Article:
• hannah

My "Lunchbox Moment" and the lessons I learned

In 2018, when I wrote about my“lunchbox moment”for a few graduate school personal statements, I had no idea that it had become an unofficial term that described a universal Asian-American experience. For those of you unfamiliar, a "lunchbox moment" is an experience of being judged for bringing cultural food, in particular Asian food, to school. I now know that my moment was not unique; but, being the only Chinese-American student in a class of 95% white or white-passing students from the ages of 5-13 really blinded me to the possibility of there being other Chinese-Americans out there.


I vividly recall my “lunchbox moment” sitting next to my best friend at a long, plastic table embellished with wood-like vinyl. We were in the second grade, and my dad usually packed me a sandwich. But the previous night, my dad had made his famous steamed spareribs with black bean sauce (a popular dim sum dish). This was one of my favorite foods growing up, so I begged him to pack me some rice and ribs for lunch the next day. He was so ecstatic to know that I enjoyed his cooking that he woke up a little earlier to re-steam the ribs and pack my lunchbox before leaving for work.


As I pulled out my bright pink thermos adorned with colorful flowers, my friends asked if I brought soup. I shook my head and proudly opened my thermos to show off my dad’s impeccable dish. Some girls held their nose, and my best friend exclaimed “OMG, that smells SO WEIRD. Can you, like, put that away and bring normal food next time?”with a look of disgust. (Btw, I don't remember it smelling bad at all, but maybe that's just me.) I was confused, and for the first time, ashamed of being Chinese. I think that may have been the the first time I realized that I was different from everyone else at school. I quickly closed my thermos, placed it back in my lunchbox, and explained "I wasn't hungry anyway". My heart hurt not only for myself, but for my dad who had put so much love and energy into preparing, cooking, and packing my lunch. I went home hungry that day, and when my mom asked me why I didn’t eat my lunch, I explained I wasn’t hungry at school and offered to eat it for dinner. When my dad returned from work, I told him that he can just pack me sandwiches because it would be easier for him. I never told my parents what happened that day because I didn’t want them to hurt for me, to be confused for me, and to feel guilt for putting me in that situation, even though it was not their fault.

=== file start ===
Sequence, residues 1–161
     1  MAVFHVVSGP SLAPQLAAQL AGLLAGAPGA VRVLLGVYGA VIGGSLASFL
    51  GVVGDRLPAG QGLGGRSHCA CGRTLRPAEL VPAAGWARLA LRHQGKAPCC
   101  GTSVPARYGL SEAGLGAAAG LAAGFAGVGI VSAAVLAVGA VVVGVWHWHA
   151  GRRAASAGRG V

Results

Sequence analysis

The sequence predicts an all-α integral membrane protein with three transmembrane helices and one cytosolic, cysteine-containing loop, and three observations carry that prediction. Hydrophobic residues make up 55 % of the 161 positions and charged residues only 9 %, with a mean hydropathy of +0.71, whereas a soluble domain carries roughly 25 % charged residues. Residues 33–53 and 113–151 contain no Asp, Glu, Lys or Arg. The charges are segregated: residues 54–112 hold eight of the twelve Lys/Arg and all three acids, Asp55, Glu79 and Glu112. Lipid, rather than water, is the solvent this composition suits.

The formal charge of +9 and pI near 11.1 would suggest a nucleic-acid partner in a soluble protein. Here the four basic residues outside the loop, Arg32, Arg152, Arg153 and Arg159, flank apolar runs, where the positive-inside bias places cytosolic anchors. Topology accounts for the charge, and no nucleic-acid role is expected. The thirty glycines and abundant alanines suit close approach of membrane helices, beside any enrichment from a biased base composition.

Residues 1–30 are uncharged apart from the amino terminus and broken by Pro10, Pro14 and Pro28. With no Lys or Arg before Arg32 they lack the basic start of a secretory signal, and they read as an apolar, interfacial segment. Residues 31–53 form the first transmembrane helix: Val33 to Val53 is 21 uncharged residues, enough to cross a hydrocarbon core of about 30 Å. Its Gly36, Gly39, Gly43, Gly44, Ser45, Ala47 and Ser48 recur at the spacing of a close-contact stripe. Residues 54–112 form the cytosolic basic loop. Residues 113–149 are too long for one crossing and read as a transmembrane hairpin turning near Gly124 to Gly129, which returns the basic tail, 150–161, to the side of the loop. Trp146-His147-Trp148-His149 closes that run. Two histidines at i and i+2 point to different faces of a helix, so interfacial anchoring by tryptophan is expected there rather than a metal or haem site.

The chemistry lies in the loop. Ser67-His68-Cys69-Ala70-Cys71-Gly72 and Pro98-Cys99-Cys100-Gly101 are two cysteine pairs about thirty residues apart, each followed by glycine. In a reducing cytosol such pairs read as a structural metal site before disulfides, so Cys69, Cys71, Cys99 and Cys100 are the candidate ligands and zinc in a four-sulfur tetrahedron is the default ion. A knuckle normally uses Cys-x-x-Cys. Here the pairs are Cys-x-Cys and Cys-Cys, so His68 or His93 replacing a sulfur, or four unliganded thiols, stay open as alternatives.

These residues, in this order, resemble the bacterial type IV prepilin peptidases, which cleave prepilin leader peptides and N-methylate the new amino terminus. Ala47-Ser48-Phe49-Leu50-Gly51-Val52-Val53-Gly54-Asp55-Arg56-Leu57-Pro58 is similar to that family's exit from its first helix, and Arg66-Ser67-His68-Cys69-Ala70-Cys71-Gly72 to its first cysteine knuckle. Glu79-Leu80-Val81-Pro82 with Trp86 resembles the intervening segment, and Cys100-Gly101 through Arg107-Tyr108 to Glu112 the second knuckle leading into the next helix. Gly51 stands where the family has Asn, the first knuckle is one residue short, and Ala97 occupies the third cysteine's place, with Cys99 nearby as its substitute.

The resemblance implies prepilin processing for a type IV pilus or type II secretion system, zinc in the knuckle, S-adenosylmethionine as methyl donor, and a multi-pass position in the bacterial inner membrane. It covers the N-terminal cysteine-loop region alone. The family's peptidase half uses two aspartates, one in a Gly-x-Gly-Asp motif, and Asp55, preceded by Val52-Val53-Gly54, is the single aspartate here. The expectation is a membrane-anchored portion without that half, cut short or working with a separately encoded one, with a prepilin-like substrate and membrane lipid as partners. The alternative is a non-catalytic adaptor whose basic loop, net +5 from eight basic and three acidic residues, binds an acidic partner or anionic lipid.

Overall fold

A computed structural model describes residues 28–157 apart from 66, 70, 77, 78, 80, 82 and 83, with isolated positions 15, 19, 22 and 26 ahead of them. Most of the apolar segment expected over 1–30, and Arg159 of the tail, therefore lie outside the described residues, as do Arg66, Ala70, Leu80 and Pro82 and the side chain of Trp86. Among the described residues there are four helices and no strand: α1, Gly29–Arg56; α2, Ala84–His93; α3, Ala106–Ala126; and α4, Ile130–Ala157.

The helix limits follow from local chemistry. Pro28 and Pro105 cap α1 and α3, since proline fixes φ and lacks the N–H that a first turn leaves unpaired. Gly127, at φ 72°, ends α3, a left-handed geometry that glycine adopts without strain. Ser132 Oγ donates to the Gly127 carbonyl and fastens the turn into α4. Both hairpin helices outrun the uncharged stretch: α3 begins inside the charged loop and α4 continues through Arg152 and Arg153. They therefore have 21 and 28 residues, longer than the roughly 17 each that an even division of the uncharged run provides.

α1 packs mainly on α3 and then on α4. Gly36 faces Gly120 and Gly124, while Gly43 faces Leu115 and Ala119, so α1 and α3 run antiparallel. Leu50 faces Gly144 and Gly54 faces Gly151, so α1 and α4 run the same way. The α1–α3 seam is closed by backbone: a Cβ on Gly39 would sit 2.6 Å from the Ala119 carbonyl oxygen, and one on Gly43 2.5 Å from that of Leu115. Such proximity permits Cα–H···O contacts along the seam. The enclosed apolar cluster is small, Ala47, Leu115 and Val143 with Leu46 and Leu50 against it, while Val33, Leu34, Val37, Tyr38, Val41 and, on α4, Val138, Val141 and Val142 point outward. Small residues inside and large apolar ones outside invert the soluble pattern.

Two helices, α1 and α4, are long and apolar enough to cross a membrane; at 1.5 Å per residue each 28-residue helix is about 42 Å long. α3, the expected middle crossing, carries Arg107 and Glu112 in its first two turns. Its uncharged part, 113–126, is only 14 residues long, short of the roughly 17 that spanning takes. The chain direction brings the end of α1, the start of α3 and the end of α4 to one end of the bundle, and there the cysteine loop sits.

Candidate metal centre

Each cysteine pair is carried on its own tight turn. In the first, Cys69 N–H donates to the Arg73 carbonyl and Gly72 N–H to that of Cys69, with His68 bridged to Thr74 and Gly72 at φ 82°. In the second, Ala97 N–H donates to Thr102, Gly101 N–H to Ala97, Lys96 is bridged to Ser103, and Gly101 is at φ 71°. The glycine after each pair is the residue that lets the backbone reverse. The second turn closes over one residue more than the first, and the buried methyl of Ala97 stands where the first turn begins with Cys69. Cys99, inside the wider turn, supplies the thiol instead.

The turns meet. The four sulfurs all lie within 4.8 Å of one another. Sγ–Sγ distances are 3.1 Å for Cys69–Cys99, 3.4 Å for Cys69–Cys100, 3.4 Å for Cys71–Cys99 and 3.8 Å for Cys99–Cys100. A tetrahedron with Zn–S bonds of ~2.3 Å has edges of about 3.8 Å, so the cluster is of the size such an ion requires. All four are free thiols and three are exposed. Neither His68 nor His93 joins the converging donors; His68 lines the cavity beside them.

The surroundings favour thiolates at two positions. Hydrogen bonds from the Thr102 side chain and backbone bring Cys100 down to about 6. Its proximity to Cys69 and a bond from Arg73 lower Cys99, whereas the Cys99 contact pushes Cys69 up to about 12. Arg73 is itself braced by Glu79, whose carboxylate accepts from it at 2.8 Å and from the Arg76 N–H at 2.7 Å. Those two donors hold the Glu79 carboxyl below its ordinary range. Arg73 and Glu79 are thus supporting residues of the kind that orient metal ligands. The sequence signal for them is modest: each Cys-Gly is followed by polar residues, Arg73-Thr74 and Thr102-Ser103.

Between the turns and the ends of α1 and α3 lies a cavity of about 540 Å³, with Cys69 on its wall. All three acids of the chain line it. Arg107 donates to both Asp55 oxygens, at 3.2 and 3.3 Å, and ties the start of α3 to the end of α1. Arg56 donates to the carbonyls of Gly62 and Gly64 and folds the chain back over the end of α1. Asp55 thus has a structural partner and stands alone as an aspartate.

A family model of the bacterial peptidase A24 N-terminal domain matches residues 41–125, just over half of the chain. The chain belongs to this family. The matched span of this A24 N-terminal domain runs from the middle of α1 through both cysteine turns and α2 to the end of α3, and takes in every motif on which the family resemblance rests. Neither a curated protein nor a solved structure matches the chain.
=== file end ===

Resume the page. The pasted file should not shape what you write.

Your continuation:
When I think back to that afternoon, I still get emotional. I feel betrayed by my best friend (we’re still best friends now, all is forgiven), and I feel guilt for not speaking up for my culture and my family. Was it the responsibility of an 8-year old to defend her culture? No, of course not. I didn’t even comprehend what it meant to grow up with a different culture at the time, much less defend it. As I’ve grappled with this guilt, I’ve slowly recognized that I was lucky to have grown up with weekly family gatherings, delicious home-cooked Chinese food (not the takeout kind), and fantastical stories about moon rabbits and magpie bridges. And I don’t think I’ll ever stop feeling guilty, but that guilt reminds me to be less apologetic for how I was raised. Plus, I have awesome Asian-American friends who know exactly how it felt growing up trapped in a purgatory of cultures as we like to call it.

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